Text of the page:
The soundsystem enigma that is Yunis has been making increasingly cerebral and funky beats in recent years and thus has teamed up with equally enigmatical label YUKU in order to release his latest brain massager of an LP, Amygdala. It’s so deep, it should really come with a warning label: do not attempt to operate heavy machinery or write reviews while listening. It’s just too chill.
There’s been a rash of deeper and deeper deep bass halftime tracks in recent years, starting with Ivy Lab and Shades and now making its way into lo-fi, hip hop and even generally faster genres like techno and drum and bass. No one’s complaining, however; we’re all too relaxed. Yunis has always been in the deep end of the deep bass pool, but Amygdala has taken it a few fathoms deeper, with bass and tones that may actually deliberately be designed to chill the listeners out. Why? Just look at the album’s title.
The amygdala is known as the fear center of the brain, located somewhere near the back (technical term, of course) of the temporal lobe. Part of the limbic system and responsible for processing emotional stimuli, the amygdala really gets to work when there’s a major stressor around. It’s responsible for the “fight or flight” response, for adrenal signals and letting us know how to respond to stressful situations. Given the current times, it’s likely many of our collective amygdalae have been firing on all cylinders for a while now and may be overworked. Enter: Yunis.
If given the right frequency, the amygdala is also partially responsible for calming the nervous system down. It’s unclear whether Yunis has used any of these frequencies or tones (often called solfeggio tones or binaural beats) in the EP Amygdala, but it’s a good bet since one of the tracks on the EP is literally called “Limbic (Value of Stimuli).” That particular track seems to play with different tones and beats that may affect the amygdala but it’s not always terribly calming. It seems to vacillate between deep beats and possibly some solfeggio tones in the ambient sound design, and sounds that are frayed and eerie and could provide a more classic “amydgala” response. Neuroscientists would likely have a field day studying the brain activity of someone listening to this track.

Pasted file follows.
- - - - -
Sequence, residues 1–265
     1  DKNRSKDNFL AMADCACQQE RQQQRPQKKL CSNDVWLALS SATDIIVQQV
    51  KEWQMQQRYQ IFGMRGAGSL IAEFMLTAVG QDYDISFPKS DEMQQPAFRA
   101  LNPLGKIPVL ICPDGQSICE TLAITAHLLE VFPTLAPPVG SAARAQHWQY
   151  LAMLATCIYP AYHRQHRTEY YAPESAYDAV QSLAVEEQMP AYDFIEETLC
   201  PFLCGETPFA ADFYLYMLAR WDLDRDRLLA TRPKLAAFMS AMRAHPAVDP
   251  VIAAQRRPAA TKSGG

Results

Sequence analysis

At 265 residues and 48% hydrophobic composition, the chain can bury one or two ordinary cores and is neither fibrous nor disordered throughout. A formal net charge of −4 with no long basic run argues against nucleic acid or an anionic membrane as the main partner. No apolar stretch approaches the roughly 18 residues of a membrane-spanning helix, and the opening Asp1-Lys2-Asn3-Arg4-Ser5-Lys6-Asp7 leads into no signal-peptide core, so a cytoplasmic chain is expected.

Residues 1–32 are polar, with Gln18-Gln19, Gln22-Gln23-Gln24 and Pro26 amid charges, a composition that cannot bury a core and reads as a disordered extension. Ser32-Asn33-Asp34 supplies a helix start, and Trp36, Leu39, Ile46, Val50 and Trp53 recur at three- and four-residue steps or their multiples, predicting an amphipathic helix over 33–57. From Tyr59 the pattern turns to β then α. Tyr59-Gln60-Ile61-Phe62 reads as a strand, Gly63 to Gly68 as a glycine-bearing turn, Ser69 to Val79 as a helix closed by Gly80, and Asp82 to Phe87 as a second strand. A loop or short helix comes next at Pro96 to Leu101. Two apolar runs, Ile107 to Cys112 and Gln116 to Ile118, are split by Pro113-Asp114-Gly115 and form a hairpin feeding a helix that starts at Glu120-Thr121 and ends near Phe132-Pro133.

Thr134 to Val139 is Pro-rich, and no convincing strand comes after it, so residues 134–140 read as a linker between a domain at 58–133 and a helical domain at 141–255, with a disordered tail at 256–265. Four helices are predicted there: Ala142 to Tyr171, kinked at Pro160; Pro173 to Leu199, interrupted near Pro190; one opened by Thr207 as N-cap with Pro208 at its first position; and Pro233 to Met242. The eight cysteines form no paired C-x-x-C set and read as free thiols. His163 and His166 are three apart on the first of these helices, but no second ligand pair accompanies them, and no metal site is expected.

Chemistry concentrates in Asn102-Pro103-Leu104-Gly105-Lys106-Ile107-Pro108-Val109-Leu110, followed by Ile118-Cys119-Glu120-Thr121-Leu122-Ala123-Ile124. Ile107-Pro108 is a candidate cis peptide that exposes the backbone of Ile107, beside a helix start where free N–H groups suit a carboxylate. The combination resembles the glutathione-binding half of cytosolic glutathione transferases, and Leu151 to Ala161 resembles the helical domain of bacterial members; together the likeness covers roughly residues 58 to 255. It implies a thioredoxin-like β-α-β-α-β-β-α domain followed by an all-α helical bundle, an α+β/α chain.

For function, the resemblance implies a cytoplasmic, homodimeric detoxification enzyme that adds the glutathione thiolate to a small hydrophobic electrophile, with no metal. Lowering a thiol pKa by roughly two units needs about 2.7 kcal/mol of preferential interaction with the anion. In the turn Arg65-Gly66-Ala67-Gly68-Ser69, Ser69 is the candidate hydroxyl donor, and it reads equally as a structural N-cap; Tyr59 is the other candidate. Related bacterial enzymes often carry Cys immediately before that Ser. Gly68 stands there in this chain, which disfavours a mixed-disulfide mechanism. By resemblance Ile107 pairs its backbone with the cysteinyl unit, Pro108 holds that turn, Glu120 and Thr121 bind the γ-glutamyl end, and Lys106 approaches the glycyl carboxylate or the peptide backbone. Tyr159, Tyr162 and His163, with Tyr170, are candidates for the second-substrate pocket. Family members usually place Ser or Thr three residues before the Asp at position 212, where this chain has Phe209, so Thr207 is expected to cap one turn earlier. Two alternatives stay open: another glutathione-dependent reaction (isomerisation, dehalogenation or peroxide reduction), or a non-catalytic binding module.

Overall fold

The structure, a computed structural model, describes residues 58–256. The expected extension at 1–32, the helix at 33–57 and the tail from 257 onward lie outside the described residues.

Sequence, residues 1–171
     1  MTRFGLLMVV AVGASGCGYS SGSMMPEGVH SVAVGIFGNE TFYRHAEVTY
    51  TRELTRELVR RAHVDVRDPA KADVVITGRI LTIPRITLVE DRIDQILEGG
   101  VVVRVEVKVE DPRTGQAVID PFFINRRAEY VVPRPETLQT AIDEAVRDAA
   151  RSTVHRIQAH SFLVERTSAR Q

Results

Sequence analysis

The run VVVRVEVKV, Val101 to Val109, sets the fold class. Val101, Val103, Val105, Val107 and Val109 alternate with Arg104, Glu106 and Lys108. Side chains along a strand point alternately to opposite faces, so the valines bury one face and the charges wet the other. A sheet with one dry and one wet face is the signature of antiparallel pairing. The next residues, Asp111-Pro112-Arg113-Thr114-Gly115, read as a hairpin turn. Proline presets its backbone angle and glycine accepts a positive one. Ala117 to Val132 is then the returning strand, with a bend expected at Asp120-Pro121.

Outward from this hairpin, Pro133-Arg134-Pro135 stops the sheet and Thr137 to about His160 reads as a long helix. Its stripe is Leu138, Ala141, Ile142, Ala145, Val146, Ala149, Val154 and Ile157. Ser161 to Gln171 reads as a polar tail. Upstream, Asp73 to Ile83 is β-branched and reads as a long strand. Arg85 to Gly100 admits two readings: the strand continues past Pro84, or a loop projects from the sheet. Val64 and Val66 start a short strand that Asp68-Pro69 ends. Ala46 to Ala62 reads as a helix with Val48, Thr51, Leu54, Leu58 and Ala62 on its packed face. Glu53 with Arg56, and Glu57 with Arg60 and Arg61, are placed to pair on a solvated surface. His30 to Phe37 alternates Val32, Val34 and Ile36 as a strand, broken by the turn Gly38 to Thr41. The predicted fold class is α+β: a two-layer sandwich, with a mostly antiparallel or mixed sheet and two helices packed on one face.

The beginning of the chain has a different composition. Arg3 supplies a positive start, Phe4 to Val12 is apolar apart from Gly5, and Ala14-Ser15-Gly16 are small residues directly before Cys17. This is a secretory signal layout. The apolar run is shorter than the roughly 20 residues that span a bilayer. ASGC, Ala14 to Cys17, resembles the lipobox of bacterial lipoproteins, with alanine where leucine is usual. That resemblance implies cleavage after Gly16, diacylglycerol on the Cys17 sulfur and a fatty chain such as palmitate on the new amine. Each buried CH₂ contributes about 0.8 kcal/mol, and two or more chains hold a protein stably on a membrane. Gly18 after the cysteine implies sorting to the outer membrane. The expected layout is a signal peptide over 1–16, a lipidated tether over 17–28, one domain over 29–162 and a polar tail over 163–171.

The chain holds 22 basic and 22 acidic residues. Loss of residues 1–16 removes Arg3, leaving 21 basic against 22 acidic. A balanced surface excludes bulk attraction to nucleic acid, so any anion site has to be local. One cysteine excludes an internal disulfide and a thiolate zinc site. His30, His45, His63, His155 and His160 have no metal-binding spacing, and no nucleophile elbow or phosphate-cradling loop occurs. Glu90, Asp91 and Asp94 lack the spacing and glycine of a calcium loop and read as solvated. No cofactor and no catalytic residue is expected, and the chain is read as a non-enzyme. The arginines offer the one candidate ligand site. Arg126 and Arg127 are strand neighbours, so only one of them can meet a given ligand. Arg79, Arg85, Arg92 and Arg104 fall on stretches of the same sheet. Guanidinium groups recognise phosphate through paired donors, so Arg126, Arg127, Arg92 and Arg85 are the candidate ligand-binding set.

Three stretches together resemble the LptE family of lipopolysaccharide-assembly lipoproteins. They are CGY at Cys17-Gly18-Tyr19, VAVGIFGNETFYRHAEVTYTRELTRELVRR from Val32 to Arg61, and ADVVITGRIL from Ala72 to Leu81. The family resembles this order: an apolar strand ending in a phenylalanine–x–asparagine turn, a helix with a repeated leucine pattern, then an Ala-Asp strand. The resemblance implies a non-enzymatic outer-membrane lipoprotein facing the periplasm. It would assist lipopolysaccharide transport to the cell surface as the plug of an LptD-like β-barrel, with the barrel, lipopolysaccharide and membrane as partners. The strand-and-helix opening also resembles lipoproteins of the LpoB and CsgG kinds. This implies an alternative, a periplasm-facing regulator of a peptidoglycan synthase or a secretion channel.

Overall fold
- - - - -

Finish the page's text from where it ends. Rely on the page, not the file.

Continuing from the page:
“Limbic” notwithstanding, Amygdala overall does provide a very relaxing vibe with its deep bass and funky, minimalist synth lines. There’s also a sort of narrative that goes with each song and, while the different tones and beats take their effect, the listener can become hyper-aware of these storylines. It’s sort of an enhanced listening experience brought on by the music itself that allows the listener to listen in a more engaged way. A bit like reading a book, every sound becomes important to the development of the track and the listener can’t wait to see where it will go next.
From the spacey feel of “Kosmos” with SRP to the ravey intro descending into halftime madness of “Hiding Place” so the nervous system experiment that is “Limbic,” Yunis has pulled no punches in Amygdala. This EP is just as complex and mysterious as the part of the brain that is its namesake. Here’s hoping Yunis delves even deeper into this kind of work with sound. Knowing his discography thus far, it’s more than likely he will do just that.